An accidental blog

"If God is sovereign, then his lordship must extend over all of life, and it cannot be restricted to the walls of the church or within the Christian orbit." Abraham Kuyper Common Grace 1.1.

Saturday, 10 November 2012

Snippets from Kuyper's Pro Rege by Nelson Kloosterman

In his excellent piece Peering Into a Lawyer’s Brief: An Extended Examination of David VanDrunen’s Natural Law and the Two Kingdoms Nelson Kloosterman quotes Abraham Kuyper:
Christ does not undo the work of creation, but joins himself to that creation and builds upon it. This same truth applies to Christian society. If the foundation of society is provided in creation, and if sin has deformed the edifice of that society, then Christ comes not to establish an entirely new kind of society alongside it, but his kingly authority rather extends in order to restore the original, to correct what had become deformed, to perfect the unfinished construction. The church is an entirely new establishment, one that is added to the work of creation, but family and society were present at the origin of humanity’s life. Christ recovers both of them, and does not establish them anew, and where his authority governs both, this authority proceeds according to the laws of life ordained for both of them from Paradise onward. . . . At the moment we can suffice by letting the general rule guide us: ‘Christian’ does not mean a new invention and a new creation, but a return to the original creation, and a further building upon that ancient foundation, always involving the struggle with and the atonement for the sin that incessantly seeks its ruin (Pro Rege, 3.23).
And provides an excellent summary of Pro Rege the soon to be translated work of Kuyper:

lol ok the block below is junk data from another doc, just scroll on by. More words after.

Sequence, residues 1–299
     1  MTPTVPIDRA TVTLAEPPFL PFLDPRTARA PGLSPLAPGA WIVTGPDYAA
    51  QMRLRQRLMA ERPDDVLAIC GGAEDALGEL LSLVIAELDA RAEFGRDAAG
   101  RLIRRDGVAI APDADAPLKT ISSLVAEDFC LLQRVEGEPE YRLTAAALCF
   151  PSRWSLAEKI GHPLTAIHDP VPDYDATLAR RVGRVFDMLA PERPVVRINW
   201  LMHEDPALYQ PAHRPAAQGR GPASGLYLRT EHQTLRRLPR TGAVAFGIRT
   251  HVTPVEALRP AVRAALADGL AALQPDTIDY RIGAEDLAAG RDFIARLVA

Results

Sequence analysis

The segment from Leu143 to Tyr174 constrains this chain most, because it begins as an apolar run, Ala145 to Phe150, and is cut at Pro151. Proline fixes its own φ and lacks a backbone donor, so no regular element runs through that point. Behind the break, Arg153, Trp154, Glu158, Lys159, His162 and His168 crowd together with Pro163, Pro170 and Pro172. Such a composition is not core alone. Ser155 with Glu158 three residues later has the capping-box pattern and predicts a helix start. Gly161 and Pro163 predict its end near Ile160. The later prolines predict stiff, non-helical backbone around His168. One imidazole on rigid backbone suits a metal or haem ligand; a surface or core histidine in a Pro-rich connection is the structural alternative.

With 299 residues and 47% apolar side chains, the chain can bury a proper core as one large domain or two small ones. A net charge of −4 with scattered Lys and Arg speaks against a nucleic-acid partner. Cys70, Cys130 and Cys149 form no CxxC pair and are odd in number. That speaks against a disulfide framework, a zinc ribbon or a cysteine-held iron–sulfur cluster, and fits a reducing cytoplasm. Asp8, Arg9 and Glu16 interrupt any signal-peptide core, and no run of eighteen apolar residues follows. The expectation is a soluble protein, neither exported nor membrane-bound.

In order to show the reader what is “out there” in those pockets of Kuyper-land accessible only in the Dutch language, permit this embarrassingly brief summary of these volumes. Volume 1 of Pro Rege treats the kingship or rule of Christ in his exaltation, discussing in turn the darkening of Christ’s kingship, the undermining of Christ’s kingship, and the kingship of Christ according to Scripture. Interestingly, chapter 22 explores “De twee Rijken” or “The Two Kingdoms,” where Kuyper analyzes the kingdom of Satan in opposition to the kingdom of Christ. Volume 2 examines the kingship of Christ in its operation, paying attention to the subjects of Christ’s rule, to Christ’s rule in his church, together with the relation of Christ’s kingship to the Christian (!) family, including a discussion of headship, of feminism, of authority, of family worship, and of childrearing. This examination continues in volume 3, where Kuyper devotes entire sections with multiple chapters to explaining the relationship of Christ’s kingship to society, to the state, to science, and to art. In these magisterial volumes, Kuyper wrestled with the relationship between creation and redemption. Precisely in that context, he explained extensively the nature of Christian activity within the creation and within culture. He spoke frequently of a Christian society, with Christian institutions, Christian policies, and Christian practices. If the life of society is indeed grounded in creation, then the kingship of Jesus Christ over society is exercised according to creational ordinances. A Christian society is not a novel invention that came into existence with the incarnation of Christ, but rather a Christian society consists in the perfecting of what had been established at creation (which clearly resembles the “grace restores nature” motif championed by Kuyper’s contemporary, Herman Bavinck!).

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